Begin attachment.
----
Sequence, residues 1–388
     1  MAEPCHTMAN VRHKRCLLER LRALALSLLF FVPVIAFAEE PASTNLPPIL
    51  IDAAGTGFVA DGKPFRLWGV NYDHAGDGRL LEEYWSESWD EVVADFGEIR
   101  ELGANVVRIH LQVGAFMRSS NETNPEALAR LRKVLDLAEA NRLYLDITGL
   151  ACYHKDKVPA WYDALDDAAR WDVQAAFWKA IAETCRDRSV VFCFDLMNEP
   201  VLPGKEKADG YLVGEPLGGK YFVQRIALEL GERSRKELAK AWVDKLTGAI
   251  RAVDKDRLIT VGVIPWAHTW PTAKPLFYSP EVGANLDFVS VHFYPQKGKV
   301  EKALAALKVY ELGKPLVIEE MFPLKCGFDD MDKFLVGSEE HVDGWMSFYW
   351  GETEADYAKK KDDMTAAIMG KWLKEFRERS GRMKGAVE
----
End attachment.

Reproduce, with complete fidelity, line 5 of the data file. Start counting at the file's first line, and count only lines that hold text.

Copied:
   151  ACYHKDKVPA WYDALDDAAR WDVQAAFWKA IAETCRDRSV VFCFDLMNEP